The anti-snoring bed - a pilot study

Elisabeth Wilhelm*, Francesco Crivelli, Nicolas Gerig, Malcolm Kohler, Robert Riener

*Corresponding author for this work

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Abstract

Purpose
Avoiding supine position can reduce snoring in most habitual snorers. However, devices that restrict the sleeping position cause discomfort or disrupt sleep resulting in low compliance. Therefore, mechanisms, which lift the trunk of the user without disturbing sleep, have been proposed. We present the first study, which investigates whether individual interventions provided by beds with lifting mechanisms are able to stop snoring (success rate) and whether they reduce the snoring index (number of total snores divided by total time in bed) using a repeated measures design. In addition, we investigated whether the intervention is interfering with the subjective sleep quality.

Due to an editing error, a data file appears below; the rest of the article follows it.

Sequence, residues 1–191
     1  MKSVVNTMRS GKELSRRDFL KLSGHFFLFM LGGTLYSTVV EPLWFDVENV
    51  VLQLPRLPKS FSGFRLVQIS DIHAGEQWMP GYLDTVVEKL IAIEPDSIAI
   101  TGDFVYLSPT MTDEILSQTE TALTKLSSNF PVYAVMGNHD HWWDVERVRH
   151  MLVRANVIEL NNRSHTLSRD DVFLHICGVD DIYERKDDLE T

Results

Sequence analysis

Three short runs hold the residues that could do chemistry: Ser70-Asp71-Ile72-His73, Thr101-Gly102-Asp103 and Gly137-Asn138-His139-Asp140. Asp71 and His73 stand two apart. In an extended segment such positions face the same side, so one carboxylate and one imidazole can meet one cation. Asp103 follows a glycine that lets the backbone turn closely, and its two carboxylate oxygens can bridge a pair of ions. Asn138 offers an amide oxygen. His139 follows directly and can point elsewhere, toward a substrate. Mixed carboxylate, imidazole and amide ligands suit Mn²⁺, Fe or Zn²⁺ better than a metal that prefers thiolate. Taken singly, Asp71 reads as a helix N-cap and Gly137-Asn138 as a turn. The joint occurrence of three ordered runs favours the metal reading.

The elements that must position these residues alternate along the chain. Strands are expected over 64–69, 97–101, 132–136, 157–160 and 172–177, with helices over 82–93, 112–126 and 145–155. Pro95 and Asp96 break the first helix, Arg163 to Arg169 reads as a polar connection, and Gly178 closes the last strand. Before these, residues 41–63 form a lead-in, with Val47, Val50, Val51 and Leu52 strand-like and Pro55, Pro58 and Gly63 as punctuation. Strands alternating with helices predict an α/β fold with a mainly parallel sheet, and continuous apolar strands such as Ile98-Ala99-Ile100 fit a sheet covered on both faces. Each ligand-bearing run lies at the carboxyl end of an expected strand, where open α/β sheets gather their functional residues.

Methods
Twenty-two subjects were observed for four nights (adaptation, baseline, and two intervention nights). During intervention nights, the bed lifted the trunk of the user in closed-loop manner. Subjects were divided in three groups (non-snorer, snorer one, and snorer two). Non-snorers were lifted by the bed at random time points during the night. In group snorer one, a stepwise increase of the bed inclination was compared with going directly to a randomly selected angle. In group snorer two, the influence of a small inclination angle (10 ∘) and a big inclination angle (20 ∘) was compared.

Results
Snoring was stopped successfully in 22% (small angle) and 67% (big angle) of the interventions. This did not lead to a significant reduction in the snoring index. The subjective sleep quality was not reduced by the intervention.

Conclusion
The anti-snoring bed is able to stop individual episodes of habitual snoring without reducing the subjective sleep quality.
Original languageEnglish
Article number14
Number of pages8
JournalSleep Science Practice
Volume4
Issue number14
DOIs
Publication statusPublished - 2020
Externally publishedYes

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